David Churbuck’s got a good piece up today commenting on an article that appearred in the Sunday Times (NY, not London…) noting that many key advertisers are moving good portions of their budgets out of regular media (newspapers, magazines, tv) and the web towards internally developed products:
Here’s the payoff from the piece. The shift is not from traditional to digital, it’s from public media to “internal” media. In essence, marketers, particularly consumer packaged goods, are plowing their dollars into themselves. BudTV. Nike’s exercise tools. Their own communities, their own social networks. Their SecondLife islands.
“Digital media spending is doubling every year at many big companies, industry data indicate. But the research firm Outsell found this year that 58 percent of marketers’ online spending went to their own Web sites, rather than to paid ads. More than two million people visited Nike-owned Web sites in July, according to Nielsen//NetRatings.”
I’ve been thinking for some time, how will Small Business make this hurdle, and for now, my answer is simple: they won’t or at least few of them will. The problem is that this is a key point where that brand strength will make a huge difference. Strong national brands can make the transition from product to life style, where as the average every day brand can not. Companies like Nike and Budweiser can engender that level of commitment from a customer, where as the small brand will not make the hurdle.
Of course never is a long time. And there are some very strong local brands that very well might make the reach on a local level. In fact, in some areas, and I am now thinking of the small town I live in, there is an opportunity for a local brand to literally become the media for the area…by providing a means of local networking for us that doesn’t currently exist. In this case, the business would not only be controlling their own message deliver, they’d control the medium as well. The brand would become the media…
Aside from that, I think we really need to consider how we find our customers. While we can run ads, and and flash banners at them, it’s becoming obvious the more important thing is to simply interact with them. This is the kind of thing that has worked very well for small business on my Reel-Time site, where some very prescient charter captains have learned to engage and captivate, and that has propelled them to nearly rock star stature in the niche industry (saltwater fly fishing). The guys who didn’t embrace it grumble and grit their teeth, but even they will admit the truth…when community members think about booking a charter, they contact the rock stars first – the guys that are posting reports with great pictures and videos, they guys that have become the community leaders.
That leads us into the post that Rob O’Regan posted this morning, “Embrace the Swarm“. He’s just back from the Association of National Advertisers meeting and had this:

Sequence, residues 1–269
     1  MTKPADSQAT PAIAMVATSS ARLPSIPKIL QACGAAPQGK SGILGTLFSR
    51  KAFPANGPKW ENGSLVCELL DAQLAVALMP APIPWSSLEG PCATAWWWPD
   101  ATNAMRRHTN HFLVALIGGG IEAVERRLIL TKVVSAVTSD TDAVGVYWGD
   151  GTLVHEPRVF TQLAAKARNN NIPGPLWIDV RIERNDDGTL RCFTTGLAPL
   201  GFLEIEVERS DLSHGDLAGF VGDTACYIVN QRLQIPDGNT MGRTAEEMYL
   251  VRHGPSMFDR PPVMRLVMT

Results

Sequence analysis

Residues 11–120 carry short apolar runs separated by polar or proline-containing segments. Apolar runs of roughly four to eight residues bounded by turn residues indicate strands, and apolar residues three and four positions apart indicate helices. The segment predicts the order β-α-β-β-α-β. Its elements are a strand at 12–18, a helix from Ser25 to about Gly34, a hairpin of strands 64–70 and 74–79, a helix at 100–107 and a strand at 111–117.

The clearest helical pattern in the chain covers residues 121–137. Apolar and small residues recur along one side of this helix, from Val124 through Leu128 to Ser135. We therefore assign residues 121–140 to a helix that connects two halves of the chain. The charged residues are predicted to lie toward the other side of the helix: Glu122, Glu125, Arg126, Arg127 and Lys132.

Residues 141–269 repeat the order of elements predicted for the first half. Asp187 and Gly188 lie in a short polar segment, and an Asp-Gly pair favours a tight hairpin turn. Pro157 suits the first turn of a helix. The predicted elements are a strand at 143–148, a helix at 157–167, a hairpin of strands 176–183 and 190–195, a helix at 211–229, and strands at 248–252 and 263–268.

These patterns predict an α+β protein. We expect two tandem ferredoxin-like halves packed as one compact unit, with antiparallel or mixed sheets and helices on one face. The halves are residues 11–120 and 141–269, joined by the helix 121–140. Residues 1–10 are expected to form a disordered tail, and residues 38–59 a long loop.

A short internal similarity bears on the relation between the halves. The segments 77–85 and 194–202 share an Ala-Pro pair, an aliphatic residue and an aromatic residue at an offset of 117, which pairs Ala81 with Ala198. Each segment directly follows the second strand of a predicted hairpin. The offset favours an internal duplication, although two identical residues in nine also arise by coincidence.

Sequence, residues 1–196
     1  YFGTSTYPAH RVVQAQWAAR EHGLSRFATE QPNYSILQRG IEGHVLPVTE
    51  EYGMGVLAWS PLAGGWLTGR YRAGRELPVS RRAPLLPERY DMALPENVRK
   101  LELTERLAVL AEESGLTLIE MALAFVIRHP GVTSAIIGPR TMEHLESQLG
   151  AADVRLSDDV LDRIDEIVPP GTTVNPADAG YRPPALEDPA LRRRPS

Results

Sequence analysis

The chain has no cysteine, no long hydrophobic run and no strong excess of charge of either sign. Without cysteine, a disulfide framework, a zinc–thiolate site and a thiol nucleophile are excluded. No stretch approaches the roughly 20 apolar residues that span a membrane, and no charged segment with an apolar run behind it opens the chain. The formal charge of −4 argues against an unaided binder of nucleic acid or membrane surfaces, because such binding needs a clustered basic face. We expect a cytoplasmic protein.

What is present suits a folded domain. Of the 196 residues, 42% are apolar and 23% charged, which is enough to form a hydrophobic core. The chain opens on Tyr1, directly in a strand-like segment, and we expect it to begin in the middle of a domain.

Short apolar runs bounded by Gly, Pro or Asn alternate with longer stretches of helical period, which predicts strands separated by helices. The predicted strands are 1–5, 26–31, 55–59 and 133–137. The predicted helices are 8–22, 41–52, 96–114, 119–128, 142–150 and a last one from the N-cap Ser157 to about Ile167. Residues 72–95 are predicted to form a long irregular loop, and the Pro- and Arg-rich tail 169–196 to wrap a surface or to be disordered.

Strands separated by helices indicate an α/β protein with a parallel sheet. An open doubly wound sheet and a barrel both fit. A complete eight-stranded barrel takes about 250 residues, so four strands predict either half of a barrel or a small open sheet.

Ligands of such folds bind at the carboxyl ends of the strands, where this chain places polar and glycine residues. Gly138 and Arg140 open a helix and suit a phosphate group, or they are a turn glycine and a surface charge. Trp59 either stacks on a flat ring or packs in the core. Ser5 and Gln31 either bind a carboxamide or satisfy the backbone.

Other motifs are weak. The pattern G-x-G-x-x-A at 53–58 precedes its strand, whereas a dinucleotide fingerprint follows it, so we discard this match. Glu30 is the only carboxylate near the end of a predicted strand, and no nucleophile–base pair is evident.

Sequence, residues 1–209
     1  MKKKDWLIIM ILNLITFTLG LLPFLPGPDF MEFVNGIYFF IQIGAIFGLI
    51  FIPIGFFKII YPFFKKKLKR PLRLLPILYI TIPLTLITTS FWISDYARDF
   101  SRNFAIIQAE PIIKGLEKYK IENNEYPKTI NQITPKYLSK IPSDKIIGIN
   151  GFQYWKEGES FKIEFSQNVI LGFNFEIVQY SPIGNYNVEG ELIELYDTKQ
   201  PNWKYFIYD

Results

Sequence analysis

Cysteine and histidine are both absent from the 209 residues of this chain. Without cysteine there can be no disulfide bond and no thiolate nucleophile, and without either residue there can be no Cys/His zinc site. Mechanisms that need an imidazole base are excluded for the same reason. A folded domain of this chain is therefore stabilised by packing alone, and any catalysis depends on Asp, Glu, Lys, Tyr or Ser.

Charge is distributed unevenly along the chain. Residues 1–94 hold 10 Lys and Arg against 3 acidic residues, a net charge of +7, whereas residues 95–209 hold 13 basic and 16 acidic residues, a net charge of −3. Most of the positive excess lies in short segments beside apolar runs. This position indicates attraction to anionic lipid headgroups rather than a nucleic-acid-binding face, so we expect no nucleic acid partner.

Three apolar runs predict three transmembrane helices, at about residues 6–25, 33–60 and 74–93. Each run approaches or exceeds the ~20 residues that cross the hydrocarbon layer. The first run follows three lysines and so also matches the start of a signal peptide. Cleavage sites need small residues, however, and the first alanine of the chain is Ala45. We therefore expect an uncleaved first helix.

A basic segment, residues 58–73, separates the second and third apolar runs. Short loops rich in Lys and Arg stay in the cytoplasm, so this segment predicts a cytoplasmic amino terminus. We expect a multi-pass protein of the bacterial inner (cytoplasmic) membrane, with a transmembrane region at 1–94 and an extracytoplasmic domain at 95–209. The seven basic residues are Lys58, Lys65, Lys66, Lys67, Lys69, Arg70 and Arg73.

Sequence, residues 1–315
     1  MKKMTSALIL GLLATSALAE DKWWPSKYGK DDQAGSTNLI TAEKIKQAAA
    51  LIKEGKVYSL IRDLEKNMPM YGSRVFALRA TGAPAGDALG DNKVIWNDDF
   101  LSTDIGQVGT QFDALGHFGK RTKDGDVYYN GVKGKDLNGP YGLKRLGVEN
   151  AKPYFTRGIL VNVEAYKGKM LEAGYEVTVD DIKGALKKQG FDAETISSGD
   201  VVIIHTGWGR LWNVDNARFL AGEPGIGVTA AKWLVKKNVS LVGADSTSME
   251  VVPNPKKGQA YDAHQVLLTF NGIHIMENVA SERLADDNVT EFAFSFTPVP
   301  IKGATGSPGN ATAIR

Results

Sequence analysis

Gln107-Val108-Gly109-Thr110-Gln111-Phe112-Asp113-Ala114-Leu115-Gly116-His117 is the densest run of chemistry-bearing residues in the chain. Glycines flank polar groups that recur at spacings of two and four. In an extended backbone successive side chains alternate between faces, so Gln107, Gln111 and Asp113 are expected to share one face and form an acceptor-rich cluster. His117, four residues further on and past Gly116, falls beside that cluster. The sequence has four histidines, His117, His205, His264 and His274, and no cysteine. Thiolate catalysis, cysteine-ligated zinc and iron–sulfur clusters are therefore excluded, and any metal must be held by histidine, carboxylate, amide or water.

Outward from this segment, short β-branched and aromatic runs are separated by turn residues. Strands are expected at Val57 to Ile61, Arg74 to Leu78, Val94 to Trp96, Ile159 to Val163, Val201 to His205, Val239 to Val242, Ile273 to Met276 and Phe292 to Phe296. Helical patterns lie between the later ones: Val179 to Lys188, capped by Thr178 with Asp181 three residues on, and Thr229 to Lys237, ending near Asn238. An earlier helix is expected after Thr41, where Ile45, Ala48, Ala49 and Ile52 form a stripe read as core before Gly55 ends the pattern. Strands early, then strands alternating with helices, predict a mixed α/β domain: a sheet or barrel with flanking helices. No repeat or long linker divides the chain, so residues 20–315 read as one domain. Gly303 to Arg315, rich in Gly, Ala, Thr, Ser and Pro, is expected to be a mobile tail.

This power, he added, “irrevocably changes” the roles of marketers. He compared the herd mentality of traditional marketing and advertising programs – communicating to people who passively sit in front of TVs and radios and read newspapers and magazines – to today’s far more active digital swarms: “The herd is passive. It lacks active intelligence. The swarm on the other hand is about actively sharing intelligence, and that is a huge distinction. While you can lead a herd, you cannot lead a swarm. You cannot issue instructions to a swarm. A swarm is not an audience in the traditional sense and it’s not looking to [marketers] for guidance.”
The implications of peer communication and localized information are significant, Brymer said. “Forget the idea that digital is the new media. The real new media is you and me.” As an example, he referenced Allconsuming.net, a site devoted to people “telling each other about the stuff they’re buying, eating, drinking, watching.”
He’s right on the money. We’re moving from a place where we could be marketed to and transitioning to a place where we must be influenced. I couldn’t help but think of the bit I wrote about in May talking about how companies are trying to tap into the tween girl market by influencing Alpha Girls. Then I honestly think I believed that they were unique, that this alpha girl marketing was something that only applied to the special qualities of the tween girl. It isn’t…we can market to the key influencer, and in doing so reasonably expect that the others will come along to the party. Again, I reflect on what I’ve seen at Reel-Time, and I also now think about what Cisco has done with the CIO Leadership Forum which I created for them working with their partner CXO Media (and yes, that’s another good example of a company putting money into developing an internal digital property that bypasses media, even though this was built in partnership with media).
So how do we grab our slice of the pie as small businesses? Participation – while we may not own the social networks on which we interact with our customers, we need to go where our customers are and when there, we need to show them the value. Answer questions and be the resource. They may not want to become a member of Al’s Septic World for networking, but by participating in the likely home improvement social channels, like a DIY Forum, we position ourselves as the experts, and when they need someone like us, they’ll think of us. Because we’ll be the rock stars…the people customers want to be with and the people competitors want to be.